This claim, however, I think needs to be carefully scrutinized. Is it necessarily, inherently so, that the old minhog causes מחלוקת? A re-examination of the matter is in order, I believe.


There are various congregations that still, to this day, to one degree or another,continue to practice the old minhog. Some are of German-Jewish descent, who hold fast to minhag Ashkenaz. Others are very traditional Litvaks, for example followers of the Chazon Ish, the Telz Yeshiva, and ישיבת בית התלמוד in New York.  I am not aware of them being torn asunder with constant machlokes due to it. They have somehow managed to continue davening for decades without fisticuffs breaking out over kaddish every other day or week, as one might think would happen if you listened to the pessimists and the naysayers.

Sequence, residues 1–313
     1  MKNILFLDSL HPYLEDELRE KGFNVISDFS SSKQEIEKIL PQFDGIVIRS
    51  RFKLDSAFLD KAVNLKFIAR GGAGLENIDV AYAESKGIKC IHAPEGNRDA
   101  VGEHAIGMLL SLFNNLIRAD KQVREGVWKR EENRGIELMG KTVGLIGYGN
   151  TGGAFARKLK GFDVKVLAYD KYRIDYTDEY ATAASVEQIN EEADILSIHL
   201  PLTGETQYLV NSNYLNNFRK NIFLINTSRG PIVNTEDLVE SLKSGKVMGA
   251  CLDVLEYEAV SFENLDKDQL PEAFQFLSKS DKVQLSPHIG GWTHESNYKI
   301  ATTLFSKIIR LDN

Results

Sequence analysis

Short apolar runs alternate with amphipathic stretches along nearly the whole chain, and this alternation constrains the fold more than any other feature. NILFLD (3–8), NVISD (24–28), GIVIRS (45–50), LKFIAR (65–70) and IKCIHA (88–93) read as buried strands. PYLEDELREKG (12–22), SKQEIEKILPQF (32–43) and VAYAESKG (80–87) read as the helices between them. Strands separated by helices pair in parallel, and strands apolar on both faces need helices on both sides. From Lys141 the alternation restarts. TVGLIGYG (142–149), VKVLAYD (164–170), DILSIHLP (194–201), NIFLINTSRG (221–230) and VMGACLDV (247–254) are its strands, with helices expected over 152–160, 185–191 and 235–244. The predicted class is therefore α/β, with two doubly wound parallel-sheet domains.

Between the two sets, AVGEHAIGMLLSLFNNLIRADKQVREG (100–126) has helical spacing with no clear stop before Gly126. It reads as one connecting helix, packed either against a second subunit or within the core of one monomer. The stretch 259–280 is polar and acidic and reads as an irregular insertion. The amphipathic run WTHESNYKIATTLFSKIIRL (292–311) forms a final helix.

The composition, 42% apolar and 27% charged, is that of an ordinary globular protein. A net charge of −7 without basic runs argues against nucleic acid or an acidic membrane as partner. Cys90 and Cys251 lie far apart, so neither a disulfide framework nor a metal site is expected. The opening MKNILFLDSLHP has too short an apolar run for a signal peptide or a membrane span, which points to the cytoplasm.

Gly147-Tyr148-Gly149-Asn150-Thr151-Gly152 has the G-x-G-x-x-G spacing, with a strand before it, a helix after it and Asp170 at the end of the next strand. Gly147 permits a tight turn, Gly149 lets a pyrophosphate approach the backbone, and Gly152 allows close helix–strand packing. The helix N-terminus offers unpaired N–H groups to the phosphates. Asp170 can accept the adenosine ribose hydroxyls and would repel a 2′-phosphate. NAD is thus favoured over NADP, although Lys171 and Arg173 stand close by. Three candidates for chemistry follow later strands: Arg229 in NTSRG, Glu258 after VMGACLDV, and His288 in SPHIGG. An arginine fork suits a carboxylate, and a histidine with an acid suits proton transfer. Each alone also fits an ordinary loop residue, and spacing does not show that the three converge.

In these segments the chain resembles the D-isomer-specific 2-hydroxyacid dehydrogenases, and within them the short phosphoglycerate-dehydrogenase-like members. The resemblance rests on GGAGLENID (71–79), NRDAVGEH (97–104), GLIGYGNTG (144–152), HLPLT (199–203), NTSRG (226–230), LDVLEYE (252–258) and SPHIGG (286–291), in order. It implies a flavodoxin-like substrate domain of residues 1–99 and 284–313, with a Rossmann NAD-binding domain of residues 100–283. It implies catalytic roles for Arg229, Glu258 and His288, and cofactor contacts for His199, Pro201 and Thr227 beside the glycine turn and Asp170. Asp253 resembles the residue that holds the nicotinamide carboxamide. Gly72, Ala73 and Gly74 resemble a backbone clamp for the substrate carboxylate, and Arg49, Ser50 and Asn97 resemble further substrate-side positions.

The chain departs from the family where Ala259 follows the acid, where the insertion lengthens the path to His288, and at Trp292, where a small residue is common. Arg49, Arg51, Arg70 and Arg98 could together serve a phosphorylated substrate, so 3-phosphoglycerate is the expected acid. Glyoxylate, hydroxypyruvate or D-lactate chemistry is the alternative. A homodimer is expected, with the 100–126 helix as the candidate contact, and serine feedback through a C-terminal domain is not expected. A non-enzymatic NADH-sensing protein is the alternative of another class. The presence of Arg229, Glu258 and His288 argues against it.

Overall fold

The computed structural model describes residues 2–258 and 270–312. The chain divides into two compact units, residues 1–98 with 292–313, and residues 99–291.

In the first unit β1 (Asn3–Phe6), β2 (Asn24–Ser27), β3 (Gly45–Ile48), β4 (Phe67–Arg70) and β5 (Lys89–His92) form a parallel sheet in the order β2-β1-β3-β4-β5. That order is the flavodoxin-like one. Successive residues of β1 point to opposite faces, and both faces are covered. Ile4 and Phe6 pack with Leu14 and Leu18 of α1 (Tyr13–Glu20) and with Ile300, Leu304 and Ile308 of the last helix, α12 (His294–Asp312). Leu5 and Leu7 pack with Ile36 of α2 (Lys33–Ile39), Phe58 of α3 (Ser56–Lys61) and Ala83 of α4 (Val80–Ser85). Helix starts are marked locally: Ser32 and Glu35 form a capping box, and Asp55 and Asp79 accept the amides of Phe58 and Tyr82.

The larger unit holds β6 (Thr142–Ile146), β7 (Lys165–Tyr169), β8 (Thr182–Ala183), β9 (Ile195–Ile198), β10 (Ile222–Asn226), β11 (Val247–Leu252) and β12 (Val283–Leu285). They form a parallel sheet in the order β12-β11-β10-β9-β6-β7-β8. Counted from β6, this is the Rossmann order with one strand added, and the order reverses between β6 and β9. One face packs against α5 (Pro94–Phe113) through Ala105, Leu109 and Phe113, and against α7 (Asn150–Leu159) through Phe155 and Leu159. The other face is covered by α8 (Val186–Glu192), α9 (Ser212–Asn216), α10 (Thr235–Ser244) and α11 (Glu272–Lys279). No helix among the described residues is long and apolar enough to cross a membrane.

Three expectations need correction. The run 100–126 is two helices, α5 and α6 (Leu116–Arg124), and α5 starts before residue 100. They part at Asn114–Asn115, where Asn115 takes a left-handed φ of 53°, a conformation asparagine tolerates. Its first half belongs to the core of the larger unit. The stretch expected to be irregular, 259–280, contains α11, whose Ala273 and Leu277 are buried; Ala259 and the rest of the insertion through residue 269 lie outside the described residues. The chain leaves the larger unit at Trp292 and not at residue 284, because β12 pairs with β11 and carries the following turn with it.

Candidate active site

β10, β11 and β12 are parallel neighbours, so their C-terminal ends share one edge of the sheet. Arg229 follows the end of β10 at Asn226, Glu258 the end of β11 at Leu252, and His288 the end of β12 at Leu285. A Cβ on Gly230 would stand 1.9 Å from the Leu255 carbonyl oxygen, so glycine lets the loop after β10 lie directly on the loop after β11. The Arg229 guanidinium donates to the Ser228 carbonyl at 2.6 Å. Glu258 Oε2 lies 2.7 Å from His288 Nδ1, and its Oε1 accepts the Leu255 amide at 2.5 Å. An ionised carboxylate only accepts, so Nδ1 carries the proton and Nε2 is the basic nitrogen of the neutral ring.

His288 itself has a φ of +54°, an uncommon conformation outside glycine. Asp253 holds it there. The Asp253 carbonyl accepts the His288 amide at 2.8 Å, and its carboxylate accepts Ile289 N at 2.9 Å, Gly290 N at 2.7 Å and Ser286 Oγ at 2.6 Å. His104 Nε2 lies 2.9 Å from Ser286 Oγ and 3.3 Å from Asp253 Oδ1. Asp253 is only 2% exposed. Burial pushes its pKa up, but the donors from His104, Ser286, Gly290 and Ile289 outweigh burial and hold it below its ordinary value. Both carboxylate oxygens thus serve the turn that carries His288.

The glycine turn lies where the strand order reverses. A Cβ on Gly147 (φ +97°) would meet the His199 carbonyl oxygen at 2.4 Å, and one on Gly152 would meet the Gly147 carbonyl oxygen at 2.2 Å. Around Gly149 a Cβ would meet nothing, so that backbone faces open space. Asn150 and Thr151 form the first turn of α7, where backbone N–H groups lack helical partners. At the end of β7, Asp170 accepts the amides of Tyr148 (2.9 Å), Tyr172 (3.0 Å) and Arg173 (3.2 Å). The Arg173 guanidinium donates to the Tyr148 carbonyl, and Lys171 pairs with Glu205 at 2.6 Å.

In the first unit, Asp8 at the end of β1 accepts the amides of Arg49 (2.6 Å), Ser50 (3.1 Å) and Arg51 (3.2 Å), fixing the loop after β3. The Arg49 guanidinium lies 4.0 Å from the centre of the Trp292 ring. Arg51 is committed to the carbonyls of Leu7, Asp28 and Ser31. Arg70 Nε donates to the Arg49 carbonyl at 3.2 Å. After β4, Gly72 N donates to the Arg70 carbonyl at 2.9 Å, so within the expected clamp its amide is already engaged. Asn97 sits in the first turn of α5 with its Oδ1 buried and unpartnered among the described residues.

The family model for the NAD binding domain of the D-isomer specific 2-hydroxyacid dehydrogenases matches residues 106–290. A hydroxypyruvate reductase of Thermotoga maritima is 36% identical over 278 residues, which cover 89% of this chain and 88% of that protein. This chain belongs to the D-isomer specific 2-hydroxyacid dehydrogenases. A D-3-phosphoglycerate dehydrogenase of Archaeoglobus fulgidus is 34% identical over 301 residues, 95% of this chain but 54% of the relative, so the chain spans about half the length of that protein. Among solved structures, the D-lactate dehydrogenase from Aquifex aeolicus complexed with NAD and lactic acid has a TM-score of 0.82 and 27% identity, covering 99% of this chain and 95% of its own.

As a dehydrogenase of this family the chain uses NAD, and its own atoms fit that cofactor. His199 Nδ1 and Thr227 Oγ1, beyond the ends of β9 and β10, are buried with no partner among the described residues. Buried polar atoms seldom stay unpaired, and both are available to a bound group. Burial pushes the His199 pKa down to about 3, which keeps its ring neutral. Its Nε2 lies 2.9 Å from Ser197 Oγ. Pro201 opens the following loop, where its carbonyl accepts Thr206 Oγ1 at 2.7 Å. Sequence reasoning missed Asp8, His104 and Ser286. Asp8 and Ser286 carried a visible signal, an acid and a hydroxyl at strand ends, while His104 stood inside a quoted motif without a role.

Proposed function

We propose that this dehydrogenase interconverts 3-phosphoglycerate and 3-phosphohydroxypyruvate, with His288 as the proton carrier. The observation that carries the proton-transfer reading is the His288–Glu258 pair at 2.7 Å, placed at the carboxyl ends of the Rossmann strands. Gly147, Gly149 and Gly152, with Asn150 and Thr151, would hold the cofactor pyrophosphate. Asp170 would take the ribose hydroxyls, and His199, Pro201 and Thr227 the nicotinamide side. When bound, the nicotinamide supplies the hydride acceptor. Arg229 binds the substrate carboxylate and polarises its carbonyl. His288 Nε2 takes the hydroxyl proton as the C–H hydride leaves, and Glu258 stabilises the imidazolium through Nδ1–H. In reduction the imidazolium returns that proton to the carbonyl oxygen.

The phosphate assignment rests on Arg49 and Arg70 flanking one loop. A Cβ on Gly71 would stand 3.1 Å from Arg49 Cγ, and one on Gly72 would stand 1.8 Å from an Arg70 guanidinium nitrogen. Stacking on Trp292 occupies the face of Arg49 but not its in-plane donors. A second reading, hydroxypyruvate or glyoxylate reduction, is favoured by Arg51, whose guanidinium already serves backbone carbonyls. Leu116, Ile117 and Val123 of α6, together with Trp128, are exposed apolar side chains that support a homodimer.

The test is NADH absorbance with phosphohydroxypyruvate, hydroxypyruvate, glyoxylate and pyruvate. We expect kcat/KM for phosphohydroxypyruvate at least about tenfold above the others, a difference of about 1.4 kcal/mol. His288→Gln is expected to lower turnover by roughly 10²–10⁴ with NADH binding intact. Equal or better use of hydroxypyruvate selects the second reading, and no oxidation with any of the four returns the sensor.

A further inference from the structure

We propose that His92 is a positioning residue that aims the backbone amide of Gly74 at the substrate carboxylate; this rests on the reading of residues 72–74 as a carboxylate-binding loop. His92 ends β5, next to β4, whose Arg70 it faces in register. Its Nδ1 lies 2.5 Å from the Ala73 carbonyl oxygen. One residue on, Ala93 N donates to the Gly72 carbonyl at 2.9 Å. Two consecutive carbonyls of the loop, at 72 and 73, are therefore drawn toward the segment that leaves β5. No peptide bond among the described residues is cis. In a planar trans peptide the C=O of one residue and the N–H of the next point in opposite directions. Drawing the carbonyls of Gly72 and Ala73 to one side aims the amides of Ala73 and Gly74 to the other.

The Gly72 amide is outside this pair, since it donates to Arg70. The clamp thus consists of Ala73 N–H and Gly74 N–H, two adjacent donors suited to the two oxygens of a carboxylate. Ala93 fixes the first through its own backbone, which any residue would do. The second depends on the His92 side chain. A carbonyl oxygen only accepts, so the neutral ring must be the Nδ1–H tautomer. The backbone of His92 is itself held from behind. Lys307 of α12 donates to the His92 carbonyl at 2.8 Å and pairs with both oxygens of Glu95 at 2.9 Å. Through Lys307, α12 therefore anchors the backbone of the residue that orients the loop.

I think that a good case can be made that the claim that the singular kaddish caused a great deal of machlokes was exaggerated even centuries ago, when it was made, even if not entirely fabricated. I could understand that it may have been somewhat of a problem on occasion, especially among Jews with little Torah education, עמי הארץ, who thought that the קדיש was the do all and end all means of honoring and assisting their dearly departed ones. In those days there were many such Jews among the frum masses.